Speeding comes with great risks, and speeding drivers may even find themselves responsible for a fatal accident. In Oregon, 65 mph is the top speed limit although trucks on rural roads may travel up to 70 mph. In previous generations, 55 mph was the top speed. Improved road construction, combined with better vehicle manufacturing and safety technology, contributed to decisions to raise speed limits. However, even a slight increase in speed could lead to a greater number of crashes.
Drivers going over the limit
The AAA Foundation for Traffic Safety, the Insurance Institute for Highway Safety and a company called Humanetics worked together to review crash test data and assess the effect of speeding. According to the test results, even a mild increase in speed increases the chances of a crash.
Raising speed limits won’t prevent drivers from going a bit above the posted maximum. A responsible driver may avoid going 15 or 20 mph over the limit, but 5 or 10 mph might be acceptable. That means cars traveling on highways with a maximum speed limit of 65 mph may hit speeds of 75 mph with some going even faster.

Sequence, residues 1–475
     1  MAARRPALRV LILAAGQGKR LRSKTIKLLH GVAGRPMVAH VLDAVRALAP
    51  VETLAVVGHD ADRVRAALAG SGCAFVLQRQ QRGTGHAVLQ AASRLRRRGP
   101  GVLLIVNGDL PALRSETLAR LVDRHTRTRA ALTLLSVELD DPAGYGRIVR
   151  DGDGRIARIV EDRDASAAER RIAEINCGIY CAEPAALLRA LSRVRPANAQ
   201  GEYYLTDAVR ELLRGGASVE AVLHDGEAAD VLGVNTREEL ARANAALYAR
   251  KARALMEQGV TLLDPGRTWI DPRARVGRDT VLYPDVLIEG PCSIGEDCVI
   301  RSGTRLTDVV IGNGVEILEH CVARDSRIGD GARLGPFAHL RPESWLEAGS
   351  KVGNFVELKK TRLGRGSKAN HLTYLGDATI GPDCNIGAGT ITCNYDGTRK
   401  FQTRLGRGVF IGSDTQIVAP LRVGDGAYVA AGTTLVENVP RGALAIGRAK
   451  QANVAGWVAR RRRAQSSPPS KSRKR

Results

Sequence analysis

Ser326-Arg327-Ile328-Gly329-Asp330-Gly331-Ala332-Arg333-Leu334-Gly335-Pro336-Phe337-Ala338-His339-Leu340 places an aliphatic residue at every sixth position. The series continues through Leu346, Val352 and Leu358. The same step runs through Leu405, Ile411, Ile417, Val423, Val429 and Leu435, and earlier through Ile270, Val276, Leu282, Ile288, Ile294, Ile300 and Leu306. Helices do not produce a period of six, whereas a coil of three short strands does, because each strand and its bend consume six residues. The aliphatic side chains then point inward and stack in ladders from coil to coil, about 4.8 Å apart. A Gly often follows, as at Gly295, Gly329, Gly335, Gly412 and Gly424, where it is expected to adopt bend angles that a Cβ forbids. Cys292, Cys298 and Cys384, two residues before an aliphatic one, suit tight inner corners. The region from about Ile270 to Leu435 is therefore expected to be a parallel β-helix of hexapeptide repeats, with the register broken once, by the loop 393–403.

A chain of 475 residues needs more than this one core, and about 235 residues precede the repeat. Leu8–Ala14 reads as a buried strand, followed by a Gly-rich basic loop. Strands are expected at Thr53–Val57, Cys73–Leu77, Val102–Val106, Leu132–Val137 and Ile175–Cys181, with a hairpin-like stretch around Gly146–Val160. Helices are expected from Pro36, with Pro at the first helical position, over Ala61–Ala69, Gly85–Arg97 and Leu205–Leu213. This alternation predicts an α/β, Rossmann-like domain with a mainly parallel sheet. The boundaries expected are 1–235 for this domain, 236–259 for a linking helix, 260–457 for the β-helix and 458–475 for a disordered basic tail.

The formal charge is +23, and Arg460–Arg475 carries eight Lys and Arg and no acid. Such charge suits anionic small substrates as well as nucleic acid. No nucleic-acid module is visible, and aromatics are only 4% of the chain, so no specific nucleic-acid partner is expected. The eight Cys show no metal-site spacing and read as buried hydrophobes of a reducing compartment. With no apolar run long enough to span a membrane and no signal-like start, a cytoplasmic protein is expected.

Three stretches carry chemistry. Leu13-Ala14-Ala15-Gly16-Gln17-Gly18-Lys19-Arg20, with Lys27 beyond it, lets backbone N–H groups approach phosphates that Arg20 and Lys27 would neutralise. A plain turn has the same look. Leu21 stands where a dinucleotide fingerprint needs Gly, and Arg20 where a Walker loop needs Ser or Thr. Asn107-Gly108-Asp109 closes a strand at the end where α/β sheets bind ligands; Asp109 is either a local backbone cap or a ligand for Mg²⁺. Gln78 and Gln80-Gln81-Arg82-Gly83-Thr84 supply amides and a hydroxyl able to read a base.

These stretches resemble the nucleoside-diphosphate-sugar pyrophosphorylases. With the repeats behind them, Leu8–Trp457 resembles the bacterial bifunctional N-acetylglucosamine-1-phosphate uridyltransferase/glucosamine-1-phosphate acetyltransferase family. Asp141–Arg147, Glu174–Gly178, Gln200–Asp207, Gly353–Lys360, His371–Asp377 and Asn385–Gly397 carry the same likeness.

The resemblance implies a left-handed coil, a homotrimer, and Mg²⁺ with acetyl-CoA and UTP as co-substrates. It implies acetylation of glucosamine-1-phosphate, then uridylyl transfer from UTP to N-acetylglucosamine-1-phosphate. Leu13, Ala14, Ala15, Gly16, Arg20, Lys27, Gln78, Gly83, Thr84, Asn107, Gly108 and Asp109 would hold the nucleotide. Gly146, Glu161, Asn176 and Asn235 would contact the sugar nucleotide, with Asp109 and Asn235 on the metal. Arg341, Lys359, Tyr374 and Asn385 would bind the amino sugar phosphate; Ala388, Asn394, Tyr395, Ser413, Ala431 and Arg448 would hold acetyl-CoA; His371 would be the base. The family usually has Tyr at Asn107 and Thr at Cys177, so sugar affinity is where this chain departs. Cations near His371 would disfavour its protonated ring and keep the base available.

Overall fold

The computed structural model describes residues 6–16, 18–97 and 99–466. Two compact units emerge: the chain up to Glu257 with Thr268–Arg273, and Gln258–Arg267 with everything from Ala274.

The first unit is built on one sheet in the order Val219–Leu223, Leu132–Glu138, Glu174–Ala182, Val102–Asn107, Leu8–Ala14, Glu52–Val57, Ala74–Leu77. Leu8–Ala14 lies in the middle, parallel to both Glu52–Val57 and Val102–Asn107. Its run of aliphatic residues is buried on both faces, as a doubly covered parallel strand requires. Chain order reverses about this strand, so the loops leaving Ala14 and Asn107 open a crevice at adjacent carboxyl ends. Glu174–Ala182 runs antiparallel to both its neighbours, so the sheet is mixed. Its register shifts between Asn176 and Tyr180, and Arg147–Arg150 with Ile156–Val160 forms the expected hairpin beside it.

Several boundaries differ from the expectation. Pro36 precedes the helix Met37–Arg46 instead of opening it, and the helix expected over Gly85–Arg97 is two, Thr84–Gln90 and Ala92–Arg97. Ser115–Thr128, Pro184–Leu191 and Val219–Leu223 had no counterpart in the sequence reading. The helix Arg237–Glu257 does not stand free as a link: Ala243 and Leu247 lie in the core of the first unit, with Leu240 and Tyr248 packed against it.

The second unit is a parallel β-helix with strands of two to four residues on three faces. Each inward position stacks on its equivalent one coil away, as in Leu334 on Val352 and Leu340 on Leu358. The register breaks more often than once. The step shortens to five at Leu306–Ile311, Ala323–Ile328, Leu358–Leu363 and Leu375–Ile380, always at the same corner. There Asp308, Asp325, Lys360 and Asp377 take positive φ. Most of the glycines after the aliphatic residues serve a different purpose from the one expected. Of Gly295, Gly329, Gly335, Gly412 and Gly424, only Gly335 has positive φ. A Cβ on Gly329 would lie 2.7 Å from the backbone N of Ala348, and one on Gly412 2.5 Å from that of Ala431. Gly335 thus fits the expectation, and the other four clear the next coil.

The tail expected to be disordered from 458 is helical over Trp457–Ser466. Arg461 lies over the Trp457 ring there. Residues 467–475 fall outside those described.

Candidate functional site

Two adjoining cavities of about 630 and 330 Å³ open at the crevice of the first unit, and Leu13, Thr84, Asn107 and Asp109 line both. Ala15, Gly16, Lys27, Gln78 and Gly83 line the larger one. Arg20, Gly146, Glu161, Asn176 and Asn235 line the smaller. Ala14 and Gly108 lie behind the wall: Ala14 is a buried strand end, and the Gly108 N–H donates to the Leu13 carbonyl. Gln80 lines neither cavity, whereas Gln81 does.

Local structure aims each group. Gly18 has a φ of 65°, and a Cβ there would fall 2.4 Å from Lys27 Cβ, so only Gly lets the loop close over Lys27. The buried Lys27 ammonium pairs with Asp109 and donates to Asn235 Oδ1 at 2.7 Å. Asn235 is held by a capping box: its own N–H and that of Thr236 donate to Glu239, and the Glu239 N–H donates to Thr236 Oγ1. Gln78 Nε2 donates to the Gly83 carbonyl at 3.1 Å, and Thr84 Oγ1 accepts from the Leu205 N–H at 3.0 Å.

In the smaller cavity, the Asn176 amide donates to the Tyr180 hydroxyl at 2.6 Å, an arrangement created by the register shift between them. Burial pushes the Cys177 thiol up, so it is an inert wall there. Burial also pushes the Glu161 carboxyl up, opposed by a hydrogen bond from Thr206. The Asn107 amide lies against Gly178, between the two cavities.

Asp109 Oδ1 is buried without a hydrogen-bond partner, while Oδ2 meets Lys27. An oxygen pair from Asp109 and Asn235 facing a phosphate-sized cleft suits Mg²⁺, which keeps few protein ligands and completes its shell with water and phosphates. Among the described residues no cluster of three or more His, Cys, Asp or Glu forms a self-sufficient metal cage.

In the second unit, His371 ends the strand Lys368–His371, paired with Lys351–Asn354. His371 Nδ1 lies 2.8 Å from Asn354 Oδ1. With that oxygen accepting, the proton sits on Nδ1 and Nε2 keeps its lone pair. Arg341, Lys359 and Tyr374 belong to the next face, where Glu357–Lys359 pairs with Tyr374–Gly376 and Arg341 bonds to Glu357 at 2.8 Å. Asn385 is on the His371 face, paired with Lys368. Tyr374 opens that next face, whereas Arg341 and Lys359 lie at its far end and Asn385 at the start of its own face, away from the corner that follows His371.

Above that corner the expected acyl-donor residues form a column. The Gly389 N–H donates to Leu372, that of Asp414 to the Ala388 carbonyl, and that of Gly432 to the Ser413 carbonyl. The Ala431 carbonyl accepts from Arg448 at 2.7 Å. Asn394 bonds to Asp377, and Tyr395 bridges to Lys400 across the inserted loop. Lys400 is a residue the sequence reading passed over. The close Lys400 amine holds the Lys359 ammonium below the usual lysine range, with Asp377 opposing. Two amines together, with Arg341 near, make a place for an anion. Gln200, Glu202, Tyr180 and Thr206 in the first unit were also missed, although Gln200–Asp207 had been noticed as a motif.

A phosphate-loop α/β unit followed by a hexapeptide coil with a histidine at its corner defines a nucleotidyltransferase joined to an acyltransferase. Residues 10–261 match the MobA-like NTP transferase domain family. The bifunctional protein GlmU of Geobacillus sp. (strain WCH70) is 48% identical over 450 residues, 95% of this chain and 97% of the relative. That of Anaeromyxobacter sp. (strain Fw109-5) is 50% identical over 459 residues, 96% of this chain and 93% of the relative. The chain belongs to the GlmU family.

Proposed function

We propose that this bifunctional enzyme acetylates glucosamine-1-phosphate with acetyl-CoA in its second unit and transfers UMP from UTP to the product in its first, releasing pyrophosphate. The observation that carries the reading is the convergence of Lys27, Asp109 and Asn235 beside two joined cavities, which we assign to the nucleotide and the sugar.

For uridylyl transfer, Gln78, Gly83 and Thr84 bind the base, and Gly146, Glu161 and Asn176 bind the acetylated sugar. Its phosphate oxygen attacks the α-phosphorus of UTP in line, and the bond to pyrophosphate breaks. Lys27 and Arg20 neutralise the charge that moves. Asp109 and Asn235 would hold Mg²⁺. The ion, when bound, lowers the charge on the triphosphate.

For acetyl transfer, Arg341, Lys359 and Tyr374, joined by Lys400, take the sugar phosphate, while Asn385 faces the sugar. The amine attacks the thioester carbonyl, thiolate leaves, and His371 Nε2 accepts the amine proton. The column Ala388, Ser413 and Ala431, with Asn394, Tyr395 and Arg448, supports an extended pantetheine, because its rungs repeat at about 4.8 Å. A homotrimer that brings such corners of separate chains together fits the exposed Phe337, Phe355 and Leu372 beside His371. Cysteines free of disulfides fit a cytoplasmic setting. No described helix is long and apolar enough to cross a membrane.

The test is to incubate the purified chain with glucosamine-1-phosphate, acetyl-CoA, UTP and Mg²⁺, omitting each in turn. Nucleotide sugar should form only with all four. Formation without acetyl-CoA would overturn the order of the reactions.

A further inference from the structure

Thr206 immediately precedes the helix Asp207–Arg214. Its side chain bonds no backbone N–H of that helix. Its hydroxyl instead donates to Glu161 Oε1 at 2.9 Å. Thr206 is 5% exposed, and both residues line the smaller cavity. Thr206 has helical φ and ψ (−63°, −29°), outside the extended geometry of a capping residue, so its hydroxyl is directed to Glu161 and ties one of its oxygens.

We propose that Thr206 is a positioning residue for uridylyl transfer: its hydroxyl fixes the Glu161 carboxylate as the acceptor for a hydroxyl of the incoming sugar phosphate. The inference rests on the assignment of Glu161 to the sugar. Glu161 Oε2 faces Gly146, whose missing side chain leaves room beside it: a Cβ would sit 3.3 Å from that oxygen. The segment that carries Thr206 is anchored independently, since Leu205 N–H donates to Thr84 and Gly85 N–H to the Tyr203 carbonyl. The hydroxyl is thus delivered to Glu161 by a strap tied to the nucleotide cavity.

Troubles with speeding
A speeding driver may be unable to stop in time to avoid a collision. Even noticing a problem in the road, such as a stalled car, could be difficult when a driver is speeding. The mix of speeding and distracted driving could further increase the probability of an accident. After a crash, a personal injury lawsuit might reveal multiple acts of negligence on a driver’s part.
If a vehicle travels too fast for road conditions, the dangers might increase dramatically. Navigating bad weather has enough challenges when dealing with fog, rain and slick roads. Add a speeding vehicle to the mix, and the dangers worsen with a driver’s negligence. It’s important to stick to posted speed limits and even go slower than the legal limit if inclement weather makes driving more dangerous.